Vivienne Franzman
Royal Exchange/Lyric
Royal & Derngate, Northampton

Promo image from Mogadishu Credit: Lyric Online

There is no doubt that this very modern play, with it’s ultra-modern ‘issues’ is thought provoking. Vivienne Franzmann's Mogadishu raises many questions and, despite some inadequacies, has enough in it to cling on to.

There are some uncomfortable moments—the attack of Michael Karim's Firat at the top of the piece was tense and staged effectively. If only the playwright hadn’t crowbarred in some of the more crass material (the cannibals joke comes to mind) then she could have capitalised on this tension.

This was most frustrating, because the situation did work—it was believable. The pace of accusations flying and the ‘just following procedure’ line convinced, whilst engaging the audience as they gasped at the next development in the teacher’s downfall. This was largely helped by strong characters and relationships. Jason and his overbearing father, Becky and the likable step-father, Peter, come to mind.

Perhaps most convincing were the scenes in the headmaster’s office. James Barriscales portrayal of the under-pressure interim head was excellent—the scenes with Jackie Clunes’s accused Amanda particularly stood out. Barriscale really portrayed the agonising journey of the head and I felt my fondness for his character changed as he wavered.

I felt that the mother / daughter relationship was tackled with great gusto by Clune as mother and Rosie Wyatt’s mouthy, middle-class Becky. It did feel hammed up at times though and I couldn’t help but wonder whether this was through the writing rather than the performance.

This does feel like a nagging problem—the slightly over the top, dramatic, ‘shouty, shouty’ material clashing against the in-depth, well developed characters. One does wish the playwright had reeled it in and not tried so hard in places.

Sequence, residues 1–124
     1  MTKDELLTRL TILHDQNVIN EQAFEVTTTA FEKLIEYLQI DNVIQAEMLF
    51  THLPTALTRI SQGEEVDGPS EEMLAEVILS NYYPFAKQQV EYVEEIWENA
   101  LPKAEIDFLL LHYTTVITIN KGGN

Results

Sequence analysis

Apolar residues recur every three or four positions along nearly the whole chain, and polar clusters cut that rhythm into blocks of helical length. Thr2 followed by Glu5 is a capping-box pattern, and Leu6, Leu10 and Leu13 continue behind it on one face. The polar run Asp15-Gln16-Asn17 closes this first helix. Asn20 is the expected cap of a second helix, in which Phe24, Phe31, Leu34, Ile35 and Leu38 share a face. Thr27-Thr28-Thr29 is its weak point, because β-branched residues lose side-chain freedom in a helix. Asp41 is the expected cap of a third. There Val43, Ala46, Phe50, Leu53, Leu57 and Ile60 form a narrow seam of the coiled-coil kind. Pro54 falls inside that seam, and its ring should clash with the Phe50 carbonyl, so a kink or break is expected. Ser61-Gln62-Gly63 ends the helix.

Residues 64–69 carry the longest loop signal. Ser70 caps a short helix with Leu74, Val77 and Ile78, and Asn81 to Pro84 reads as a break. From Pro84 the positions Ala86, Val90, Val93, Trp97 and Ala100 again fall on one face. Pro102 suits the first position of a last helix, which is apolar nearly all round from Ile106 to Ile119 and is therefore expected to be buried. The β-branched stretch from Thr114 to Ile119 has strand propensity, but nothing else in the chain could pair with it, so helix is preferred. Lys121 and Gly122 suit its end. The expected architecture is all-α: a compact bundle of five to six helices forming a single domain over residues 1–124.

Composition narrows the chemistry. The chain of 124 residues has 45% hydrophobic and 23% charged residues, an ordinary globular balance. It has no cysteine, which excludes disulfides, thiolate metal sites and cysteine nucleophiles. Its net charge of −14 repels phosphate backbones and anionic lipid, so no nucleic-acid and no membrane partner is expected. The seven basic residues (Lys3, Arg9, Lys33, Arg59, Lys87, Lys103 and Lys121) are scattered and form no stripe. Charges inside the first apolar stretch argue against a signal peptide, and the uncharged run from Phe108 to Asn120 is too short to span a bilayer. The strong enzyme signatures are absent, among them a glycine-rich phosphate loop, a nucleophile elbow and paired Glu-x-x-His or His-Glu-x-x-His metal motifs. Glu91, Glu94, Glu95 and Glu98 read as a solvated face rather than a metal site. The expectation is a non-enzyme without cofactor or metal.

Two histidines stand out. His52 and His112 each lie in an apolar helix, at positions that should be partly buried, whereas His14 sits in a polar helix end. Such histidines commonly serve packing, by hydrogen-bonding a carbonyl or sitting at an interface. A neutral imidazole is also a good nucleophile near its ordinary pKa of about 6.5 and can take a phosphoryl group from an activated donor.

One area where the production does excel is through Tom Scutt’s simple but very effective design. The set, all metal and industrial, was emotive and affecting—causing a literal physical barrier between audience and spectator. This helped to create the claustrophobic sense of being penned in—a theme that seemed to resonate with every character at some point.

The harshness of the set reflected the harsh urban setting of the piece nicely—this was complimented by the focused performers helping the piece to flow by bringing set on and off and creating a fast paced, episodic feel to the evening. Philip Gladwell’s strong lighting design cast caged shadows and was used expertly in the more dramatic moments—the ‘hanging scene’ in particular stood out.

A play that perhaps would work better as a TV film, or even, dare I suggest, a piece of Boal influenced ‘forum theatre.’ Whilst Mogadishu doesn’t tick all the boxes, there is enough in there to make you take a peek through the metal bars.

Reviewer: John Johnson

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